My Twentieth Century Evening and Other Small Breakthroughs | Penguin Random House Canada

My Twentieth Century Evening and Other Small Breakthroughs

The Nobel Lecture

Publisher: Knopf Canada
The Nobel Lecture in Literature, delivered by Kazuo Ishiguro (The Remains of the Day, Never Let Me Go and When We Were Young) at the Swedish Academy in Stockholm, Sweden, on December 7, 2017, in an elegant, clothbound edition.

In their announcement of the 2017 Nobel Prize in Literature, the Swedish Academy recognized the emotional force of Kazuo Ishiguro’s fiction and his mastery at uncovering our illusory sense of connection with the world. In the eloquent and candid lecture he delivered upon accepting the award, Ishiguro reflects on the way he was shaped by his upbringing, and on the turning points in his career—“small scruffy moments . . . quiet, private sparks of revelation”—that made him the writer he is today.

With the same generous humanity that has graced his novels, Ishiguro here looks beyond himself, to the world that new generations of writers are taking on, and what it will mean—what it will demand of us—to make certain that literature remains not just alive, but essential.

An enduring work on writing and becoming a writer, by one of the most accomplished novelists of our generation.


Praise for Kazuo Ishiguro:

“Who, in novels of great emotional force, has uncovered the abyss beneath our illusory sense of connection with the world.” —2017 Nobel Prize citation

“He’s a very interesting writer in many ways. I would say that if you mix Jane Austen—her comedy of manners and her psychological insights—with Kafka, then I think you have Ishiguro.” —Sara Danius, permanent secretary of the Swedish Academy
“Kazuo Ishiguro! All his restless brilliance. I don’t think a reader, having passed through the maze of The Unconsoled, ever leaves it.” —Madeleine Thien, author of Do Not Say We Have Nothing
“I wish I’d written The Remains of the Day by Kazuo Ishiguro. Though really, there are scores of them. You know you’ve read something special when your blinding jealousy is eclipsed (barely) by admiration.” —Hanya Yanagihara, author of A Little Life, The Guardian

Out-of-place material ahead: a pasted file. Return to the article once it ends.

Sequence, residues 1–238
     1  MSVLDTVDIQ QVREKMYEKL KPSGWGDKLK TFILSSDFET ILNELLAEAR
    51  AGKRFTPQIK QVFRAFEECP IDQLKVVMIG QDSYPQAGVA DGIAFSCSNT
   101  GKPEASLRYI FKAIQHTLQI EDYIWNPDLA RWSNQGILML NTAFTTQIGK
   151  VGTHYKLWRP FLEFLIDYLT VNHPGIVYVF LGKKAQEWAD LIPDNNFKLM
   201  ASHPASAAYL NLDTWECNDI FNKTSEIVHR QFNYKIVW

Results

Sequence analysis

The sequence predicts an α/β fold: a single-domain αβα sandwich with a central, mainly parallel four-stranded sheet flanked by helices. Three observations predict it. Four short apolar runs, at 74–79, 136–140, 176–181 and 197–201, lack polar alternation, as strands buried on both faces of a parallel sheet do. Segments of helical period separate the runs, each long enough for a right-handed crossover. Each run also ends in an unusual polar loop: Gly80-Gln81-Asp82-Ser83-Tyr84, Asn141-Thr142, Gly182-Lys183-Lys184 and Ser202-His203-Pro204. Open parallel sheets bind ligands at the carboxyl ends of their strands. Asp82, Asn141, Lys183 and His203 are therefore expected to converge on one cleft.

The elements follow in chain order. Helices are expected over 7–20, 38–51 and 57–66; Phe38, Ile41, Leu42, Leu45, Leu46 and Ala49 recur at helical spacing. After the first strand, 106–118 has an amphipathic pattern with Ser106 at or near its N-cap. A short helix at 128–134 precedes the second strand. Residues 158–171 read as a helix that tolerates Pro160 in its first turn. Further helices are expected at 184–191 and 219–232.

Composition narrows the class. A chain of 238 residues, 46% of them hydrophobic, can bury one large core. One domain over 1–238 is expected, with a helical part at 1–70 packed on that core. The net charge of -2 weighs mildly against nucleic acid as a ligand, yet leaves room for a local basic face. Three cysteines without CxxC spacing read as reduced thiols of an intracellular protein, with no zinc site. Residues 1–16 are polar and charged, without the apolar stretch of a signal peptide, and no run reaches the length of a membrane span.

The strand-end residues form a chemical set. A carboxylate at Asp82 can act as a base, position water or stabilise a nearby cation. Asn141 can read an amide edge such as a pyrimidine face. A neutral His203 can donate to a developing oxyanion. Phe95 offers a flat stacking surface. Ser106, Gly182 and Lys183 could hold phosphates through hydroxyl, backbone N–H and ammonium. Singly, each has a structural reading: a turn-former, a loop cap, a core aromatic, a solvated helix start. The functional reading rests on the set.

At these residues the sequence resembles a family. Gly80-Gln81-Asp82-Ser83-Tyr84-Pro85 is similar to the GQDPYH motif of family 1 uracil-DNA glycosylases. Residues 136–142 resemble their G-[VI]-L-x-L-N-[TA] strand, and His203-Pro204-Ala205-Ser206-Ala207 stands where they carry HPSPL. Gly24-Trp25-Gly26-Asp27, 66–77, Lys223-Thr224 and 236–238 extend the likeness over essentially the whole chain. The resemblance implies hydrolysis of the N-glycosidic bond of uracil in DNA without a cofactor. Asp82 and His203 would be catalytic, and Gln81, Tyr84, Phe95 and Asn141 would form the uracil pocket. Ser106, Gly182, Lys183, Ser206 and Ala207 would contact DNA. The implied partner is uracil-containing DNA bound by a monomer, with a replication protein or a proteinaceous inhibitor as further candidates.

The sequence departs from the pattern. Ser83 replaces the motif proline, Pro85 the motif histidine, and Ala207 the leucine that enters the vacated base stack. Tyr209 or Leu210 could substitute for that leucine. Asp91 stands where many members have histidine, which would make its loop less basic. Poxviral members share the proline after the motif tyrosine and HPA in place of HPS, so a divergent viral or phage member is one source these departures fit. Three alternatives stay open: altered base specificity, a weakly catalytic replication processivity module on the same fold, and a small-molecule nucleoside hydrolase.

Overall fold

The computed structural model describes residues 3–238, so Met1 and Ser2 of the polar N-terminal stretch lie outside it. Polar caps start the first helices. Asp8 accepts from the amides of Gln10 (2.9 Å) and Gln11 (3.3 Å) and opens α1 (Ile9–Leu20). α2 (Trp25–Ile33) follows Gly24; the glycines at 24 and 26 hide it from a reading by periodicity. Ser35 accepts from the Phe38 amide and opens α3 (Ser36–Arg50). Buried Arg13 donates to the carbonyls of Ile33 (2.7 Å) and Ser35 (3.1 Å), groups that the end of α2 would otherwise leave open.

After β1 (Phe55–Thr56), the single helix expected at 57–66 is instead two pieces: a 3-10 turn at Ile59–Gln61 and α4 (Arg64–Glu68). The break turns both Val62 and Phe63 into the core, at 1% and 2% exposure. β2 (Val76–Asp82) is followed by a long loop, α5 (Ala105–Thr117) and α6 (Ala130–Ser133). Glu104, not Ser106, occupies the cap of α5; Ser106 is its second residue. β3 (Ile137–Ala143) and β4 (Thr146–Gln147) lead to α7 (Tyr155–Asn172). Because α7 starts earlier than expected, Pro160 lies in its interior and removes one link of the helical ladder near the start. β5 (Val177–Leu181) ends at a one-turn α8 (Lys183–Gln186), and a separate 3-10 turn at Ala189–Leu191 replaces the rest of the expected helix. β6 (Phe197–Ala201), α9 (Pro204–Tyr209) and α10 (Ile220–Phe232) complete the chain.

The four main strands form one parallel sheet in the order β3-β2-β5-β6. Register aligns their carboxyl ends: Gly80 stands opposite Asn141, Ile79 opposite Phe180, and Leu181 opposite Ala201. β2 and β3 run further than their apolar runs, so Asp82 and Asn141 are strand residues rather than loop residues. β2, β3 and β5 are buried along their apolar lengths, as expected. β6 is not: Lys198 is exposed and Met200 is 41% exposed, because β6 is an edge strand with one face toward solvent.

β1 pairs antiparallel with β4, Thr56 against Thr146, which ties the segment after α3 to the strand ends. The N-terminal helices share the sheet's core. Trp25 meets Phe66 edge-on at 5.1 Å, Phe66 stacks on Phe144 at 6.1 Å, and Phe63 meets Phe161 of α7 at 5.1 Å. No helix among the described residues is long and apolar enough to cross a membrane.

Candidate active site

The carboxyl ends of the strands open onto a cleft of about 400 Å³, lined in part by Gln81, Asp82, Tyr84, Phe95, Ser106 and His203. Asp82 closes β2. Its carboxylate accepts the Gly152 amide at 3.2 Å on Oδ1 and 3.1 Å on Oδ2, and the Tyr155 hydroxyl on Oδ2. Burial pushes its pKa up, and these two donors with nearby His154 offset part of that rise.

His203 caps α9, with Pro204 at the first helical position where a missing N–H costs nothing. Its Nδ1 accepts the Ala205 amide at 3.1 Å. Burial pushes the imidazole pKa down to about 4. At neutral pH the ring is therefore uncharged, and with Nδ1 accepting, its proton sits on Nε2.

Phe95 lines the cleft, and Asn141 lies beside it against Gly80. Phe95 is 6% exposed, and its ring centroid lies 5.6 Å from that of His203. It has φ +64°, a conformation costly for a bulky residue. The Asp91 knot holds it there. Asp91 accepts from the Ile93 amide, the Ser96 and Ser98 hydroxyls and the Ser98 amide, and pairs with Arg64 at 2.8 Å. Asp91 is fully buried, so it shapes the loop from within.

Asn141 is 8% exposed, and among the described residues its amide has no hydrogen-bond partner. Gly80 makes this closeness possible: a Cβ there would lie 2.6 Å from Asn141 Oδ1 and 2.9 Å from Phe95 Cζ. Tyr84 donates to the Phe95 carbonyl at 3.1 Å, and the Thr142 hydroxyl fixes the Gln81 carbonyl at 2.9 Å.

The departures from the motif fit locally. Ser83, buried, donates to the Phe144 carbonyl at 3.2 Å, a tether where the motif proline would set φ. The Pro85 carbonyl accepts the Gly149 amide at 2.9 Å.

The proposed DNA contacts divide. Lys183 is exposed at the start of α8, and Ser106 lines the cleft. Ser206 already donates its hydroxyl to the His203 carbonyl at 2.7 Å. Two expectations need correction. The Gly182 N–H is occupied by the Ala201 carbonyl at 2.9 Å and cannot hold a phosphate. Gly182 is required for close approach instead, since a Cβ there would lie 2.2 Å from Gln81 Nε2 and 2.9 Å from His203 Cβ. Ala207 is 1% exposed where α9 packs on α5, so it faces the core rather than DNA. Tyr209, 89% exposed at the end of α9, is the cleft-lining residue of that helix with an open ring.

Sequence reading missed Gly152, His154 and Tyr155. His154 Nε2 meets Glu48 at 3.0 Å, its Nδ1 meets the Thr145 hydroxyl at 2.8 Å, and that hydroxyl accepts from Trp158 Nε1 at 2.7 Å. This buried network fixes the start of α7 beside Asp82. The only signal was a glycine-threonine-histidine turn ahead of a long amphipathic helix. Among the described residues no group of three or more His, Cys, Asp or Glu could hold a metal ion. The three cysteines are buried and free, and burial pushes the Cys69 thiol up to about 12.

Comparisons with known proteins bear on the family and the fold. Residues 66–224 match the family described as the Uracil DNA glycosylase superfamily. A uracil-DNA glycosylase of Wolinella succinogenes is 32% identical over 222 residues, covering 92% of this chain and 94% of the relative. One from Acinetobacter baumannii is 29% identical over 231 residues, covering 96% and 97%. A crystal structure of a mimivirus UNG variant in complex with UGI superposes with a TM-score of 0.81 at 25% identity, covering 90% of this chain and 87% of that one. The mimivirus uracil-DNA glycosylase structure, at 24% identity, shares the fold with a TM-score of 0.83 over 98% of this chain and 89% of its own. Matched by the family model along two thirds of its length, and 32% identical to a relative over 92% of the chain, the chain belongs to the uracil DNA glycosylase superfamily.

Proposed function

“The breathtaking quiet of his sentences struck me when I read, first, A Pale View of Hills, and that quiet, that waiting, is the instrument he’s perfected and the marvel of his fiction.” —Dionne Brand, author of Love Enough and Ossuaries
“It’s great news. He’s a versatile writer of clarity and depth. And popular, which is not always the case with Nobel laureates!” —Yann Martel, author of The High Mountains of Portugal and Life of Pi
“Kazuo Ishiguro is the Miles Davis of the written word—sounding the pristine note, trusting it to carry and sustain. God, the tone. I can close my eyes and suffer the charge of Stevens’ crippled love for Miss Kenton, the unbearable moment when she opens to him and he closes in return. All through Never Let Me Go, I wondered where and how the voice was leading; the final page took me apart. Trust—that’s what he’s taught me. Trust in the voice. Trust in the reader to listen, to hear.” —Alissa York, author of The Naturalist
“Delirious over Ishiguro news. This time the Nobel committee really got it right.” —Lynne Kutsukake, author of The Translation of Love  
“I just feel unalloyed delight about the news. Kazuo Ishiguro is a good, serious, brilliant and hardworking writer who has never been afraid to tackle big themes, nor to use science fiction (Never Let Me Go) or fantasy (The Buried Giant) as the vehicles he needed to drive his ideas. It’s a refreshing and intelligent choice by the Nobel committee. The only cloud I can imagine would be if this takes Ish too long away from his writing desk.” —Neil Gaiman